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Lyfing of Winchester

From Wikipedia, the free encyclopedia

Lyfing of Winchester
Bishop of Crediton
ProvinceProvince of Canterbury
Term ended1046
Other posts
Personal details
Died20, 23 or 25 March 1046
Previous postAbbot of Tavistock

Lyfing of Winchester[a] (died March 1046) was an Anglo-Saxon prelate who served as Bishop of Worcester, Bishop of Crediton and Bishop of Cornwall.


Lyfing's uncle was Burhweald, Bishop of Cornwall,[1] according to the medieval chronicler William of Malmesbury.[2] He was probably a monk either at Winchester Abbey[3] or at Glastonbury Abbey. In 1009, he became Abbot of Tavistock,[4] and that was always his favourite of the offices he held.[citation needed] In 1027, he became the Bishop of Crediton, and about the same time he became Bishop of Cornwall on the death of his uncle Brihtwold, so he united those two sees, with the seat at Crediton.[5][6] His elevation probably was due both to his family and to his assistance to Cnut in Rome.[7] There is also some indication he may have been a protégé of Godwin, Earl of Wessex.[3]

In 1038 or 1039, Lyfing also became Bishop of Worcester, but was deprived of the see in 1040.[8] King Harold Harefoot gave Worcester to Lyfing because of Lyfing's support of Harold.[1] His deprivation was due to King Harthacnut's belief that Lyfing was involved in the death of Harthacnut's half brother Alfred Atheling.[9] Lyfing was accused by Aelfric Puttoc, the archbishop of York, who briefly replaced Lyfing at Worcester.[10] Lyfing seems to have claimed that he was merely following the orders of Harold Harefoot.[11] However, he was restored to Worcester in 1041 and held the three sees until his death on 20, 23 or 25 March 1046.[8]

Lyfing was a close friend and trusted counsellor of King Canute the Great[3] and accompanied him on a pilgrimage to Rome in 1027.[4] Florence of Worcester, the medieval chronicler, claims that Lyfing, along with Godwin, was instrumental in securing the succession of Edward the Confessor to the throne of England on Harthacnut's death.[12] A tradition at Worcester also recorded that it was Lyfing, along with Archbishop Eadsige of Canterbury, who forced Sweyn Godwinson to release Eadgifu, the abbess of Leominster who Sweyn had kidnapped.[13] In revenge, Sweyn raided the lands of the diocese of Worcester.[14]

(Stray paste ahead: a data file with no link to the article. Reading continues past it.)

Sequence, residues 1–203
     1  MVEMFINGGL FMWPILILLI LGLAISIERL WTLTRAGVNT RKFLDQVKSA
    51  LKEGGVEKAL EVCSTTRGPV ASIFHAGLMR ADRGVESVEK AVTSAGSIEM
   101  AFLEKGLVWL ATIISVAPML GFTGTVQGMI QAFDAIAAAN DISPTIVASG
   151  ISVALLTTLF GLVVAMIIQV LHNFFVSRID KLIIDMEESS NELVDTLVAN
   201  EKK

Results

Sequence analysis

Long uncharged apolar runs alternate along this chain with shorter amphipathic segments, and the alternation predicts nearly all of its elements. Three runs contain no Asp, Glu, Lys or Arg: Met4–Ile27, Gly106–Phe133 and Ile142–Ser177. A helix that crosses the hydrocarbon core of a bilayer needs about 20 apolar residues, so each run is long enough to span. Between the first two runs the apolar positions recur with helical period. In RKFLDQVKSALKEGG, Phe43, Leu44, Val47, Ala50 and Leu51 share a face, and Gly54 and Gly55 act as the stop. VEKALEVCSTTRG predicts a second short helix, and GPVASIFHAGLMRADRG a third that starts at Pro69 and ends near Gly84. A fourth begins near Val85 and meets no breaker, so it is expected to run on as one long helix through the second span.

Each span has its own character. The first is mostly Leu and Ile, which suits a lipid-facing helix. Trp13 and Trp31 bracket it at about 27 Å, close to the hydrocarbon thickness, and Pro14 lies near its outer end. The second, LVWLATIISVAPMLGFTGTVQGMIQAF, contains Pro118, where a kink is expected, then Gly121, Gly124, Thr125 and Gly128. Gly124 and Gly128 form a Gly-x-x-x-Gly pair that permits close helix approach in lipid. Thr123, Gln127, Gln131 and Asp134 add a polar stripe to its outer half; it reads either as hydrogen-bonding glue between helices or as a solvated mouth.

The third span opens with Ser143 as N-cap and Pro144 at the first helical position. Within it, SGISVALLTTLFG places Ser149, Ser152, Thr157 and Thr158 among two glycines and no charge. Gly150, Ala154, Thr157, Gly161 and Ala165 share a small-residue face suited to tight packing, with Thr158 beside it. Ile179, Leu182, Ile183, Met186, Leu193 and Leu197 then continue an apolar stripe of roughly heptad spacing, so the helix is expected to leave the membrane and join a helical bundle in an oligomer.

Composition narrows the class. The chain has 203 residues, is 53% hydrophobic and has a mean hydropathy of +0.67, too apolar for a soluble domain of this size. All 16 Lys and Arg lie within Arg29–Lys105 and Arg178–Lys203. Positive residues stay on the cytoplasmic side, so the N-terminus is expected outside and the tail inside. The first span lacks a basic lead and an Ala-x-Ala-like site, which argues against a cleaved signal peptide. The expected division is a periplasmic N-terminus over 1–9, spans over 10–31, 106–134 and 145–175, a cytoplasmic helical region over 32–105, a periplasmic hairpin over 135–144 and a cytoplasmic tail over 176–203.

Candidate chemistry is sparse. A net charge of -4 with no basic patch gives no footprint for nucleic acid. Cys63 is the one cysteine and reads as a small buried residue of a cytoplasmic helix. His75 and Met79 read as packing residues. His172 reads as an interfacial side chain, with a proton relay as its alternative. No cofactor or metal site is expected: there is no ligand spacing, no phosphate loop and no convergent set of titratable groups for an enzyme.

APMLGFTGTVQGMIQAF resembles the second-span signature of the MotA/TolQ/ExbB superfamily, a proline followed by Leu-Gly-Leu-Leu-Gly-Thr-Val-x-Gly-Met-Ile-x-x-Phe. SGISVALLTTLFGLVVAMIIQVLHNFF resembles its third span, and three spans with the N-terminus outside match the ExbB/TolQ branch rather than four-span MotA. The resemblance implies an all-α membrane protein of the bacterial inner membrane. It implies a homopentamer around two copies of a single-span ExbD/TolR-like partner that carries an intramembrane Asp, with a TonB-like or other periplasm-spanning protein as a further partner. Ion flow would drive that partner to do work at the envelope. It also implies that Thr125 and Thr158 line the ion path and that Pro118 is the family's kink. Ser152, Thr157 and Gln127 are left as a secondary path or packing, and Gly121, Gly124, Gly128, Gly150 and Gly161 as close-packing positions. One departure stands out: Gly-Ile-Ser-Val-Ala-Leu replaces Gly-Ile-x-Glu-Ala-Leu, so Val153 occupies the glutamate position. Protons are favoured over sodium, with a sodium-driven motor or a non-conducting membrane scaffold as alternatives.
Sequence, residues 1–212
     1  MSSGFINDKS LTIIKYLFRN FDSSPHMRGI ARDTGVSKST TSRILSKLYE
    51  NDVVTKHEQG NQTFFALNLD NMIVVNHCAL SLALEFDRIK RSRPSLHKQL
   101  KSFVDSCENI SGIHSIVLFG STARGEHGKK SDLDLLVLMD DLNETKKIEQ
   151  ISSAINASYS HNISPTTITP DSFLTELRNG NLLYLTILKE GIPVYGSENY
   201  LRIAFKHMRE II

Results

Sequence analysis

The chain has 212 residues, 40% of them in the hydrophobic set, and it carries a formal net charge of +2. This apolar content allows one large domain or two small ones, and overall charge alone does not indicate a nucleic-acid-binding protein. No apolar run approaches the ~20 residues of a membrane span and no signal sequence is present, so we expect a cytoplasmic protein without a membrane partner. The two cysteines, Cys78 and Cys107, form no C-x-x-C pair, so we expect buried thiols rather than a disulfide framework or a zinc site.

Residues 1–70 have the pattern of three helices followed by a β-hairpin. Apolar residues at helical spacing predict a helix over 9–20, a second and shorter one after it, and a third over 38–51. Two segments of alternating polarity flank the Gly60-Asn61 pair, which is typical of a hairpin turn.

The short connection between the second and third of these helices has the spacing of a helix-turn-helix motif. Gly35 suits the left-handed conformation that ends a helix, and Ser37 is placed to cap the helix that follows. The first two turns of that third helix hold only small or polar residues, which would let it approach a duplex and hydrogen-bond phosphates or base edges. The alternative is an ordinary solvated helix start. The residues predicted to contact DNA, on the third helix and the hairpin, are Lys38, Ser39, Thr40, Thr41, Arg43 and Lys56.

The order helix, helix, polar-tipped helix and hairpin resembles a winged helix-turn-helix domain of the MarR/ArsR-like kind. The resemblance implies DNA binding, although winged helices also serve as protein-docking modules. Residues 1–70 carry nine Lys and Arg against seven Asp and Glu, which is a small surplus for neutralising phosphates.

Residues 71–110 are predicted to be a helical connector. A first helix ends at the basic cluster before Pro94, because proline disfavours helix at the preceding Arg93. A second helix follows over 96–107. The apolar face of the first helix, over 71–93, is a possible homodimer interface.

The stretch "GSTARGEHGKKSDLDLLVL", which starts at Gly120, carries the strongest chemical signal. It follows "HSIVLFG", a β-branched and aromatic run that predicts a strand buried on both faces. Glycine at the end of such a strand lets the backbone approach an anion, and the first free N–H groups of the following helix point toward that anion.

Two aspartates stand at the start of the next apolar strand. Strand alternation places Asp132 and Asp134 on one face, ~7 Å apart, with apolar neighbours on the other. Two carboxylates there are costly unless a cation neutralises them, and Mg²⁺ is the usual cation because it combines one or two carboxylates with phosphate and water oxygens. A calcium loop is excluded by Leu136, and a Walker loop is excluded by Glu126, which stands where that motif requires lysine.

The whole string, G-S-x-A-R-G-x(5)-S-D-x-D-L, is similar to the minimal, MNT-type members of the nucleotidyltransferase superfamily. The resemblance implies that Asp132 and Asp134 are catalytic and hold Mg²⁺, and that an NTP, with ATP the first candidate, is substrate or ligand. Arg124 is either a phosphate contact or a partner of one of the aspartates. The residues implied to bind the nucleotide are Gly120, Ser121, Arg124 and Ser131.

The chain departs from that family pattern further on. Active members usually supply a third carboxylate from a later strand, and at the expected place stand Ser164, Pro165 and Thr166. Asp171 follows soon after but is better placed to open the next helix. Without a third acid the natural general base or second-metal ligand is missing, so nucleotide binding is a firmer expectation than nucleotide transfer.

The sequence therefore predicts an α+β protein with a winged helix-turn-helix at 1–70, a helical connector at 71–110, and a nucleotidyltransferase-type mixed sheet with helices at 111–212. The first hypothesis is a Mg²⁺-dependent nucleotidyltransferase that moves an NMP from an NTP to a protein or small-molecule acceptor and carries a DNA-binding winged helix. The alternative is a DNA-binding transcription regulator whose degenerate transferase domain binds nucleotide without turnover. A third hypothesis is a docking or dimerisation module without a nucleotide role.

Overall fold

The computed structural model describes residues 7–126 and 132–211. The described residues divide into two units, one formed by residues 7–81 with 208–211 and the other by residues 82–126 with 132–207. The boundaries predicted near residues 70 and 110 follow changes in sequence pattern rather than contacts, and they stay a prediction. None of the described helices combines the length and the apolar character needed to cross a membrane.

Before Lyfing's death, Aldred, who succeeded him at Worcester, had probably been acting as his suffragan or co-bishop.[15] When Lyfing died, he chose to be buried at Tavistock Abbey.[3] Lyfing was a pluralist and never enjoyed a good reputation. However, the D version of the Anglo-Saxon Chronicle describes him as "the eloquent bishop", which may imply that he was noted as an important preacher.[16] Tavistock monks also remembered him as a great benefactor to their monastery.[17]


  1. ^ Also known as Livingus or Lifing


  1. ^ a b Lawson Cnut pp. 116–117
  2. ^ King "Ealdred" Anglo-Norman Studies XVIII p. 124
  3. ^ a b c d Barlow "Lyfing (d. 1046)" Oxford Dictionary of National Biography
  4. ^ a b Knowles Heads of Religious Houses pp. 72, 255
  5. ^ Fryde, et al. Handbook of British Chronology p. 215
  6. ^ Barlow English Church 1000–1066 p. 73
  7. ^ Lawson Cnut p. 137
  8. ^ a b Fryde, et al. Handbook of British Chronology p. 224
  9. ^ Stenton Anglo-Saxon England p. 422-423
  10. ^ Stafford Unification and Conquest p. 80
  11. ^ Mason House of Godwine p. 41
  12. ^ Stafford Unification and Conquest p. 86
  13. ^ Barlow Godwins p. 53
  14. ^ Barlow English Church 1000–1066 p. 58
  15. ^ Barlow Edward the Confessor p. 86
  16. ^ Lawson Cnut p. 66
  17. ^ Barlow English Church 1000–1066 p. 74


  • Barlow, Frank (1970). Edward the Confessor. Berkeley: University of California Press. ISBN 0-520-01671-8.
  • Barlow, Frank (1979). The English Church 1000–1066: A History of the Later Anglo-Saxon Church (Second ed.). New York: Longman. ISBN 0-582-49049-9.
  • Barlow, Frank (2004). "Lyfing (d. 1046)". Oxford Dictionary of National Biography. Oxford University Press. Retrieved 7 April 2008.
  • Barlow, Frank (2003). The Godwins: The Rise and Fall of a Noble Dynasty. London: Pearson/Longman. ISBN 0-582-78440-9.
  • Fryde, E. B.; Greenway, D. E.; Porter, S.; Roy, I. (1996). Handbook of British Chronology (Third Edition, revised ed.). Cambridge: Cambridge University Press. ISBN 0-521-56350-X.
  • King, Vanessa (1996). "Ealdred, Archbishop of York: The Worcester Years". In Harper-Bill, Christopher (ed.). Anglo-Norman Studies XVIII: Proceedings of the Battle Conference 1995. Woodbridge, UK: Boydell. pp. 124–137. ISBN 0-85115-666-5.
  • Knowles, David; London, Vera C. M.; Brooke, Christopher (2001). The Heads of Religious Houses, England and Wales, 940–1216 (Second ed.). Cambridge: Cambridge University Press. ISBN 0-521-80452-3.
  • Lawson, M. K. (2000). Cnut: England's Viking King. Stroud: Tempus Publishing, Limited. ISBN 0-7524-2964-7.
  • Mason, Emma (2004). House of Godwine: The History of Dynasty. London: Hambledon & London. ISBN 1-85285-389-1.
  • Stafford, Pauline (1989). Unification and Conquest: A Political and Social History of England in the Tenth and Eleventh Centuries. London: Edward Arnold. ISBN 0-7131-6532-4.
  • Stenton, F. M. (1971). Anglo-Saxon England (Third ed.). Oxford: Oxford University Press. ISBN 978-0-19-280139-5.

Further reading

  • Conner, Patrick W. (1993) Anglo-Saxon Exeter: a Tenth-century Cultural History Woodbridge : Boydell ISBN 0-85115-307-0

External links

Christian titles
Preceded by
Abbot of Tavistock
c. 1009–1027
Succeeded by
Preceded by
Bishop of Crediton
Succeeded by
Preceded by
Bishop of Cornwall
Succeeded by
Preceded by
Bishop of Worcester
1038 or 1039 – deprived 1040
Succeeded by
Aelfric Puttoc
Preceded by
Aelfric Puttoc
Bishop of Worcester
restored 1041–1046
Succeeded by

This page was last edited on 17 February 2021, at 15:02
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